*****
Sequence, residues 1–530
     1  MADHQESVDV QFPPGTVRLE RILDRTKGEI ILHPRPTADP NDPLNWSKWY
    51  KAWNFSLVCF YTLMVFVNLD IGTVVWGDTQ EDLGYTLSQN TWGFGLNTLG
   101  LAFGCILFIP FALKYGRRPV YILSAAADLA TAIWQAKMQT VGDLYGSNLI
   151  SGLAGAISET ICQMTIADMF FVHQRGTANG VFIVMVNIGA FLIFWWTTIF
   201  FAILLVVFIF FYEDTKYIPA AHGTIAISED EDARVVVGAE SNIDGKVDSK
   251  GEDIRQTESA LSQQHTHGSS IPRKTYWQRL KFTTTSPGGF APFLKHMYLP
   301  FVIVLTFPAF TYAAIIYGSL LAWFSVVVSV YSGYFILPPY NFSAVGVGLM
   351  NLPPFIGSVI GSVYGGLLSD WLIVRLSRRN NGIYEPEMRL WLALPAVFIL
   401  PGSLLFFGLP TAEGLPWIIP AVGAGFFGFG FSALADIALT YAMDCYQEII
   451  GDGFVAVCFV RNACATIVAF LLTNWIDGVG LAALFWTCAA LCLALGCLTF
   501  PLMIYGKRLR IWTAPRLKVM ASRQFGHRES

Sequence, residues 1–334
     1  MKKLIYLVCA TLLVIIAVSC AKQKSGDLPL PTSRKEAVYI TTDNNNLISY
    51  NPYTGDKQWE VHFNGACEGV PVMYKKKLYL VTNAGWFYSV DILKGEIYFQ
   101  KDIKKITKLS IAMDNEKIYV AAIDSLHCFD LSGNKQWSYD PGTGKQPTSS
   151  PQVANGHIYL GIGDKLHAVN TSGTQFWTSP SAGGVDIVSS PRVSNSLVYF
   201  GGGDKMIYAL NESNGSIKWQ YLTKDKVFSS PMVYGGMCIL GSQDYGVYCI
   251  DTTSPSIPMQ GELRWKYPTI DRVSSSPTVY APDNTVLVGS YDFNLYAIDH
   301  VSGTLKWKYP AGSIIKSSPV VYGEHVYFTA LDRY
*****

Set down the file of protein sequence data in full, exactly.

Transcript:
Sequence, residues 1–530
     1  MADHQESVDV QFPPGTVRLE RILDRTKGEI ILHPRPTADP NDPLNWSKWY
    51  KAWNFSLVCF YTLMVFVNLD IGTVVWGDTQ EDLGYTLSQN TWGFGLNTLG
   101  LAFGCILFIP FALKYGRRPV YILSAAADLA TAIWQAKMQT VGDLYGSNLI
   151  SGLAGAISET ICQMTIADMF FVHQRGTANG VFIVMVNIGA FLIFWWTTIF
   201  FAILLVVFIF FYEDTKYIPA AHGTIAISED EDARVVVGAE SNIDGKVDSK
   251  GEDIRQTESA LSQQHTHGSS IPRKTYWQRL KFTTTSPGGF APFLKHMYLP
   301  FVIVLTFPAF TYAAIIYGSL LAWFSVVVSV YSGYFILPPY NFSAVGVGLM
   351  NLPPFIGSVI GSVYGGLLSD WLIVRLSRRN NGIYEPEMRL WLALPAVFIL
   401  PGSLLFFGLP TAEGLPWIIP AVGAGFFGFG FSALADIALT YAMDCYQEII
   451  GDGFVAVCFV RNACATIVAF LLTNWIDGVG LAALFWTCAA LCLALGCLTF
   501  PLMIYGKRLR IWTAPRLKVM ASRQFGHRES

Sequence, residues 1–334
     1  MKKLIYLVCA TLLVIIAVSC AKQKSGDLPL PTSRKEAVYI TTDNNNLISY
    51  NPYTGDKQWE VHFNGACEGV PVMYKKKLYL VTNAGWFYSV DILKGEIYFQ
   101  KDIKKITKLS IAMDNEKIYV AAIDSLHCFD LSGNKQWSYD PGTGKQPTSS
   151  PQVANGHIYL GIGDKLHAVN TSGTQFWTSP SAGGVDIVSS PRVSNSLVYF
   201  GGGDKMIYAL NESNGSIKWQ YLTKDKVFSS PMVYGGMCIL GSQDYGVYCI
   251  DTTSPSIPMQ GELRWKYPTI DRVSSSPTVY APDNTVLVGS YDFNLYAIDH
   301  VSGTLKWKYP AGSIIKSSPV VYGEHVYFTA LDRY